Then that man, though he reads undisputed classics for twenty hours a day, though he has a memory of steel, though he rivals Porson in scholarship and Sainte Beuve in judgment, is not receiving from literature what literature has to give. Indeed, he is chiefly wasting his time. Unless he can read differently, it were better for him if he sold all his books, gave to the poor, and played croquet. He fails because he has not assimilated into his existence the vital essences which genius put into the books that have merely passed before his eyes; because genius has offered him faith, courage, vision, noble passion, curiosity, love, a thirst for beauty, and he has not taken the gift; because genius has offered him the chance of living fully, and he is only half alive, for it is only in the stress of fine ideas and emotions that a man may be truly said to live. This is not a moral invention, but a simple fact, which will be attested by all who know what that stress is.

What! You talk learnedly about Shakespeare’s sonnets! Have you heard Shakespeare’s terrific shout:

Full many a glorious morning have I seen
Flatter the mountain-tops with sovereign eye,
Kissing with golden face the meadows green,
Gilding pale streams with heavenly alchemy.

And yet, can you see the sun over the viaduct at Loughborough Junction of a morning, and catch its rays in the Thames off Dewar’s whisky monument, and not shake with the joy of life? If so, you and Shakespeare are not yet in communication. What! You pride yourself on your beautiful edition of Casaubon’s translation of Marcus Aurelius, and you savour the cadences of the famous:

This day I shall have to do with an idle, curious man, with an unthankful man, a railer, a crafty, false, or an envious man. All these ill qualities have happened unto him, through ignorance of that which is truly good and truly bad. But I that understand the nature of that which is good, that it only is to be desired, and of that which is bad, that it only is truly odious and shameful: who know, moreover, that this transgressor, whosoever he be, is my kinsman, not by the same blood and seed, but by participation of the same reason and of the same divine particle—how can I be hurt?...

And with these cadences in your ears you go and quarrel with a cabman!

You would be ashamed of your literary self to be caught in ignorance of Whitman, who wrote:

Now understand me well—it is provided in the essence of things that from any fruition of success,
no matter what, shall come forth something to make a greater struggle necessary.

And yet, having achieved a motor-car, you lose your temper when it breaks down half-way up a hill!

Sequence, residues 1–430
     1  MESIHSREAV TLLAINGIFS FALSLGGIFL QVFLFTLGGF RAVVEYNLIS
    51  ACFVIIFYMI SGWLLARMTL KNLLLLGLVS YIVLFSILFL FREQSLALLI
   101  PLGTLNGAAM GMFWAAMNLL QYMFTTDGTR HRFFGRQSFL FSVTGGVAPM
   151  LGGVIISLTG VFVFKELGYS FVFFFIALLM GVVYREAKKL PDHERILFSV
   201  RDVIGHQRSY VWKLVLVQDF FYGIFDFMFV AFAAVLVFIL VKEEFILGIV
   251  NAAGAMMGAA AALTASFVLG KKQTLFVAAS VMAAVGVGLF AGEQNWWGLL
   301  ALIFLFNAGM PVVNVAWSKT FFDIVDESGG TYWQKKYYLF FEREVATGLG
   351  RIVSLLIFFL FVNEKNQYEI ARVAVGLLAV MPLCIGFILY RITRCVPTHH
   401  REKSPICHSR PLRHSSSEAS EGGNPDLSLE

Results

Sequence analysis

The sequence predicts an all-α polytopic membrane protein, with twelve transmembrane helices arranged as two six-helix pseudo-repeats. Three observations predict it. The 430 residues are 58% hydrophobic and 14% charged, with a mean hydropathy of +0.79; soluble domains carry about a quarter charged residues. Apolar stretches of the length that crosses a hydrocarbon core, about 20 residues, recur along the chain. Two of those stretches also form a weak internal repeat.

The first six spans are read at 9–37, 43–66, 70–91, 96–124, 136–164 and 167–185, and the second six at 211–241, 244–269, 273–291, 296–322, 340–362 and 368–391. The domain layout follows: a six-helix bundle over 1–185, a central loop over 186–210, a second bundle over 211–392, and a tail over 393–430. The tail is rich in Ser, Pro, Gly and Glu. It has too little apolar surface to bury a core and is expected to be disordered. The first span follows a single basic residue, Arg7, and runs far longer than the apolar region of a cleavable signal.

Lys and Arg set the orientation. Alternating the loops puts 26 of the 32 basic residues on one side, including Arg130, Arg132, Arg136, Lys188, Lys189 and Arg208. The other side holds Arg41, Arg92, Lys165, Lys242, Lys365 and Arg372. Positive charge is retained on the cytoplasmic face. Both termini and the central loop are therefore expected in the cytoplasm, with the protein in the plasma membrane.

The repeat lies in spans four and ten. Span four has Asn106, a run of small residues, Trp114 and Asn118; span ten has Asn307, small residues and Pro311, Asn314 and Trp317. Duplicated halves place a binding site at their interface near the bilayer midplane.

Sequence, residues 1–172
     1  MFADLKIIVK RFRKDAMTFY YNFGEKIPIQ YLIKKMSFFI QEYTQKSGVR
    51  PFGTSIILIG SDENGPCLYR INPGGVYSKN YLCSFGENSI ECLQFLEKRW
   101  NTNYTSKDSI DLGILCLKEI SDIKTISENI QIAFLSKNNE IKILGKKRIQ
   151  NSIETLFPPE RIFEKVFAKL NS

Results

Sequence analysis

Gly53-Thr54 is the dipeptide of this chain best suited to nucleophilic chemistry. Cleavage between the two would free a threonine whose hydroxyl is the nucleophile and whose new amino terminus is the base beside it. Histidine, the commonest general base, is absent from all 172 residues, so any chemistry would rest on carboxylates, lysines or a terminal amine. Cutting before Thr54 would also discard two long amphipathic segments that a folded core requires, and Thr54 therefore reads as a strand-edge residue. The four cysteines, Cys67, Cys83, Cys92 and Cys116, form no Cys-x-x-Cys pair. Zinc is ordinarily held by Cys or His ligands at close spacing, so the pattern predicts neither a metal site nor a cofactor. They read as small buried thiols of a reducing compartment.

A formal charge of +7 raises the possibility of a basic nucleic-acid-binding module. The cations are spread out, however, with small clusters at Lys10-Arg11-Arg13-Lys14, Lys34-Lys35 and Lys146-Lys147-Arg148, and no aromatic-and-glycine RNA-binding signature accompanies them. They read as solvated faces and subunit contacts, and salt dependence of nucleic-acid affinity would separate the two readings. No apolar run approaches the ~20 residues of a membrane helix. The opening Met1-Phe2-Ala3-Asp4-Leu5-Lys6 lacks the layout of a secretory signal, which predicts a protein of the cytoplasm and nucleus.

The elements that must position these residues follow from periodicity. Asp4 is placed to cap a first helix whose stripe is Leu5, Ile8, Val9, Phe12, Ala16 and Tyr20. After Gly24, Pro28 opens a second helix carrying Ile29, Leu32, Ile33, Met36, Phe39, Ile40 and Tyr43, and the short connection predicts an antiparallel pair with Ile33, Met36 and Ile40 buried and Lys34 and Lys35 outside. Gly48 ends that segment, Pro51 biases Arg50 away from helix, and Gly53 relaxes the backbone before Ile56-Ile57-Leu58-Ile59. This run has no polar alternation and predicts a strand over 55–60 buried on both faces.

You know your Wordsworth, who has been trying to teach you about:

The Upholder of the tranquil soul
That tolerates the indignities of Time
And, from the centre of Eternity
All finite motions over-ruling, lives
In glory immutable.

But you are capable of being seriously unhappy when your suburban train selects a tunnel for its repose!

And the A.V. of the Bible, which you now read, not as your forefathers read it, but with an aesthetic delight, especially in the Apocrypha.

You remember:

Whatsoever is brought upon thee, take cheerfully, and be patient when thou art changed to a low estate.
For gold is tried in the fire and acceptable men in the furnace of adversity.

And yet you are ready to lie down and die because a woman has scorned you! Go to!

You think some of my instances approach the ludicrous? They do. They are meant to do so. But they are no more ludicrous than life itself.  And they illustrate in the most workaday fashion how you can test whether your literature fulfils its function of informing and transforming your existence.

I say that if daily events and scenes do not constantly recall and utilise the ideas and emotions contained in the books which you have read or are reading; if the memory of these books does not quicken the perception of beauty, wherever you happen to be, does not help you to correlate the particular trifle with the universal, does not smooth out irritation and give dignity to sorrow—then you are, consciously or not, unworthy of your high vocation as a bookman. You may say that I am preaching a sermon. The fact is, I am. My mood is a severely moral mood. For when I reflect upon the difference between what books have to offer and what even relatively earnest readers take the trouble to accept from them, I am appalled (or should be appalled, did I not know that the world is moving) by the sheer inefficiency, the bland, complacent failure of the earnest reader. I am like yourself, the spectacle of inefficiency rouses my holy ire.